What Happens When Police Use AI to Predict and Prevent Crime? - JSTOR Daily

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Bias in law enforcement has long been a problem in America. The killing of George Floyd, an unarmed Black man, by Minneapolis police officers in May 2020 most recently brought attention to this fact--sparking waves of protest across the country, and highlighting the ways in which those who are meant to "serve and protect" us do not serve all members of society equally. With the dawn of artificial intelligence (AI), a slew of new machine learning tools promise to help protect us--quickly and precisely tracking those who may commit a crime before it happens--through data. Past information about crime can be used as material for machine learning algorithms to make predictions about future crimes, and police departments are allocating resources towards prevention based on these predictions. The tools themselves, however, present a problem: The data being used to "teach" the software systems is embedded with bias, and only serves to reinforce inequality.


Predictive Oncology set to market its flagship artificial intelligence drug discovery platform

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Predictive Oncology Inc (NASDAQ: POAI) is set to be a first mover in the artificial intelligence (AI) powered drug discovery market that the company estimates will grow to $20 billion in the next three years. The Minneapolis, Minnesota-based company outlined its strategy for 2022 and revealed that it plans to leverage its existing pharma relationships to market PeDAL in a move that will take the proprietary platform out of the research lab into the pipelines of oncology drug discovery companies. Predictive Oncology recently completed its Discovery 21 evaluation, which is the proof-of-concept for PeDAL. CoRE, the company's AI program, together with tumor profile data, human tumor samples and active machine learning, power PeDAL to determine the most effective drug treatment for a specific cancer type. Investors responded well, sending shares of Predictive Oncology nearly 5% higher to $0.84 in the pre-market trading session.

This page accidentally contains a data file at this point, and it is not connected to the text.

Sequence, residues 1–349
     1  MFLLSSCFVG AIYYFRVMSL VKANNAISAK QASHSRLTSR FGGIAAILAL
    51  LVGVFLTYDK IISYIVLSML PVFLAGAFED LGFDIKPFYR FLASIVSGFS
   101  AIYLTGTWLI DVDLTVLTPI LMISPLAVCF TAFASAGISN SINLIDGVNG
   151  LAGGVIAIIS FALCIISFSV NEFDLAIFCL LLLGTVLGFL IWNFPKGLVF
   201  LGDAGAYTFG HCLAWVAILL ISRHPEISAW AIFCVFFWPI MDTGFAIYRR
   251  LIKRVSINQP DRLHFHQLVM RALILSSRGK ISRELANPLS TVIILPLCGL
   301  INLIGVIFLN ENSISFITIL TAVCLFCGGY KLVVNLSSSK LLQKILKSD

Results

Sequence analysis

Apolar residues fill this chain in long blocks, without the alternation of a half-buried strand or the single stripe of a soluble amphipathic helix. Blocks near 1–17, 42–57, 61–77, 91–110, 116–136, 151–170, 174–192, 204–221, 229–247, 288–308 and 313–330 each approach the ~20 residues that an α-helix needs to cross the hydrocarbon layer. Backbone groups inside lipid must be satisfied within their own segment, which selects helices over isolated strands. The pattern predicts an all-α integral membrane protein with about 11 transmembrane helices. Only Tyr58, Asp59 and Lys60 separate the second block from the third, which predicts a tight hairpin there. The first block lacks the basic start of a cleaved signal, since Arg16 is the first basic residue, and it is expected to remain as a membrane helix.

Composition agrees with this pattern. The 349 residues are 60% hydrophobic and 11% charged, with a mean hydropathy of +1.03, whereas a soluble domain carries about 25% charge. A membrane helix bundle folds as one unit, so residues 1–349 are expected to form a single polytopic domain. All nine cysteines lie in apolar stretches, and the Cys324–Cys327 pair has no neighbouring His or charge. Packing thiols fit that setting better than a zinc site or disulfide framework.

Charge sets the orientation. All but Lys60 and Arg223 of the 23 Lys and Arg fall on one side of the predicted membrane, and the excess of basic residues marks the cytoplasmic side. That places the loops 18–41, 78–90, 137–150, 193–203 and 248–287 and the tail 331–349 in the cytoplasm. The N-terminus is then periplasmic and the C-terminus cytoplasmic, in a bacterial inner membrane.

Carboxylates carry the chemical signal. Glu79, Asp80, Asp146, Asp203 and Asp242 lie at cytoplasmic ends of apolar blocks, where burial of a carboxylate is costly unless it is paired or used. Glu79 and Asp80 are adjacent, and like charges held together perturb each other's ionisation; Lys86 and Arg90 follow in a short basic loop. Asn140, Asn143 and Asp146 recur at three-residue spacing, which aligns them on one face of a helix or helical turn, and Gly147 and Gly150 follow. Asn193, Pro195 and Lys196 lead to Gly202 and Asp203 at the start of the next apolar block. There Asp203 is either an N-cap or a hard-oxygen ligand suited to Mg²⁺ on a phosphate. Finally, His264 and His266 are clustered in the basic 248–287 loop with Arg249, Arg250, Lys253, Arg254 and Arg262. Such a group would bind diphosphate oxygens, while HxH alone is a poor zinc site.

How AI can identify people even in anonymized datasets